GWPC and its partnering organizations have produced several reports and publications related to groundwater, source water, UIC, and oil and gas. Publications range from broad topic area pamphlets written for laymen and the general public, to more in-depth reports on topics such as shale gas and state groundwater regulations and processes.
In February 2020, the Ground Water Protection Council (GWPC) and Ground Water Research & Education Foundation (GWREF) released the report, “U.S. Produced Water Volumes and Management Practices in 2017.”
This report focuses solely on produced water volumes and the types of water management practices that are used. It entails a third set of data, spaced five years apart, of produced water volumes and management. This will serve as an excellent resource for state and federal members, researchers, and others. For further information about this report please contact Mike Nickolaus at the GWPC firstname.lastname@example.org, 405.516.4972.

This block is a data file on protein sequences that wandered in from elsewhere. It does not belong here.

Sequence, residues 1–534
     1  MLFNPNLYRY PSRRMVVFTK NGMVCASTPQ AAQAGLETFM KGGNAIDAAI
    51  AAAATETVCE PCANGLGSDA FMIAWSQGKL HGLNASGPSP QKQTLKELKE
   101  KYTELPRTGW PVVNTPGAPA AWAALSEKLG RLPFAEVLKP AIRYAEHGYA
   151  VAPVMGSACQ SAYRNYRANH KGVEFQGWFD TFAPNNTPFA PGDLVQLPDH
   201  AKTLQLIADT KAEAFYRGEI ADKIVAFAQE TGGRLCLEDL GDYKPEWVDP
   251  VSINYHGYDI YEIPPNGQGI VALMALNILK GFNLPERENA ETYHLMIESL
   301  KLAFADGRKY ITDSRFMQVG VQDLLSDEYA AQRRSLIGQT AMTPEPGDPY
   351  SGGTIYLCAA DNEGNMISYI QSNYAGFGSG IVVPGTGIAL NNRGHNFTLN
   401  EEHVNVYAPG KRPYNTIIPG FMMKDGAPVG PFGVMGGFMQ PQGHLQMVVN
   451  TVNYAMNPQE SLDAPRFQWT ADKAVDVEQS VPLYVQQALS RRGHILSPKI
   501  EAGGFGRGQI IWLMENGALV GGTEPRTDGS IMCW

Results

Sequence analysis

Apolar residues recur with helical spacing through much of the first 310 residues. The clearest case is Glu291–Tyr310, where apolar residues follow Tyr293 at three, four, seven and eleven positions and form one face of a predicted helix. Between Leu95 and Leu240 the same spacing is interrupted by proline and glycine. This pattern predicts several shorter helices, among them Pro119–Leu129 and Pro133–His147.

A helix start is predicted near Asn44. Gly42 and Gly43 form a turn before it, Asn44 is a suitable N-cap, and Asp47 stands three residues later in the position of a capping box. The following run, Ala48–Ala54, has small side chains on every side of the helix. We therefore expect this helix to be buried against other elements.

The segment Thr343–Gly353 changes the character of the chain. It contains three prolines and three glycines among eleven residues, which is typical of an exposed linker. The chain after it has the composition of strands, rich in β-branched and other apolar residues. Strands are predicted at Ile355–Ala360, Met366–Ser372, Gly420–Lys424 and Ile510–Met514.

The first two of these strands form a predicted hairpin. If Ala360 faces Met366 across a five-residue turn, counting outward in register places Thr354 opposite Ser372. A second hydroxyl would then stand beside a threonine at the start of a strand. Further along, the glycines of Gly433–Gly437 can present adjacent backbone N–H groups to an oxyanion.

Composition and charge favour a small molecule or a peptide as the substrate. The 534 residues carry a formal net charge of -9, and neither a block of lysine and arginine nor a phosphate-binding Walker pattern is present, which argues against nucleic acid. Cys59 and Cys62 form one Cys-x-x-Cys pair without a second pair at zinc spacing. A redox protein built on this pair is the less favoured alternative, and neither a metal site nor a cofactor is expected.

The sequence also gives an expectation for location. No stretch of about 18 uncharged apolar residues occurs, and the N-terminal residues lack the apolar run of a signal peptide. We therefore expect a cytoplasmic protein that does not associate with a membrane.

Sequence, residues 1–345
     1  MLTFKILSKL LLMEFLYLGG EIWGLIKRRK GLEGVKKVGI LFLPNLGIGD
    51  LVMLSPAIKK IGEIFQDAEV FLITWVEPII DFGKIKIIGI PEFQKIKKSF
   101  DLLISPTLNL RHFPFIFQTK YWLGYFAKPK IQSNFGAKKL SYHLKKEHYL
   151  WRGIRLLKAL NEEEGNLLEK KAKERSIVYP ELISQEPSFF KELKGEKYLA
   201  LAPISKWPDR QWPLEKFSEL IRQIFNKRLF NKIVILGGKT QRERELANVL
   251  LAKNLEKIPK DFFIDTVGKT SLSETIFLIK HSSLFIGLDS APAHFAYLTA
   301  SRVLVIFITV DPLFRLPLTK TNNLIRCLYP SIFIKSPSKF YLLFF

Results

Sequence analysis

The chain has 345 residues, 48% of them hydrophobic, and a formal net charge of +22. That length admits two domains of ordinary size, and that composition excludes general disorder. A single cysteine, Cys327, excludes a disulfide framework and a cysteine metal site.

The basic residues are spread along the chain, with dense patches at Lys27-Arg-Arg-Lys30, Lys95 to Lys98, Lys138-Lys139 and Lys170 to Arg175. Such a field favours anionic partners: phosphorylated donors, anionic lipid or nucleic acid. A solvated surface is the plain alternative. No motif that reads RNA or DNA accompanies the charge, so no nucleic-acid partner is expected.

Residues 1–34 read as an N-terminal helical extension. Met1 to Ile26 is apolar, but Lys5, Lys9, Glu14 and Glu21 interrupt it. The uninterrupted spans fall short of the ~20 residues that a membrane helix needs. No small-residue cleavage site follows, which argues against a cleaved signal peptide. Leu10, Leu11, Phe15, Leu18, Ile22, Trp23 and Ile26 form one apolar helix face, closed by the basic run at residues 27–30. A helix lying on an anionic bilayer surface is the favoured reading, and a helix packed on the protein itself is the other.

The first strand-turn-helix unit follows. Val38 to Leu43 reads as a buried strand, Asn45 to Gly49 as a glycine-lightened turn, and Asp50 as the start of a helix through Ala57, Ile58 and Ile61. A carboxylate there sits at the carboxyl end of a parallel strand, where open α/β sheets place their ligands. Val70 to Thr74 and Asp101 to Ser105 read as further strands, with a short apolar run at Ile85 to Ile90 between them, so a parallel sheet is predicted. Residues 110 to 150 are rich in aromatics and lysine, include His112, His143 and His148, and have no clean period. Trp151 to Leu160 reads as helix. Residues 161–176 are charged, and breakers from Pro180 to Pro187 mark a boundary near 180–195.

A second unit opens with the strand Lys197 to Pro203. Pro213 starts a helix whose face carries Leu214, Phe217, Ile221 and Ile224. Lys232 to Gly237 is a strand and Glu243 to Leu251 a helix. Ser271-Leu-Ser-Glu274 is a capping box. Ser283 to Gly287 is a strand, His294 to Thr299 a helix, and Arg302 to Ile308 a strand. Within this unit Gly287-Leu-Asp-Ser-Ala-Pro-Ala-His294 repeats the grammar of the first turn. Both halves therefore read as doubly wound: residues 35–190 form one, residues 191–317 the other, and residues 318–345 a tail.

In September, 2019 the New Mexico Oil Conservation Division (OCD) requested that the Ground Water Protection Council (GWPC) conduct a focused Peer Review of their Class II UIC program. These reviews were reinitiated nearly 4 years ago as part of the State Oil and Gas Regulatory Exchange (a joint project of the GWPC and the Interstate Oil and Gas Compact Commission (IOGCC)). Reviews have been conducted in 5 states since 2015. They involve an evaluation of the effectiveness of a state’s Class II UIC program, which demonstrates the ability of the UIC program to protect USDWs and public health. Equal effectiveness with Section 1422 SDWA programs is the standard required of Section 1425 delegated programs. This report details the findings of the peer review team, provides feedback on positive aspects of the program and offers suggestions for enhancing the effectiveness of the Class II UIC program managed by the OCD.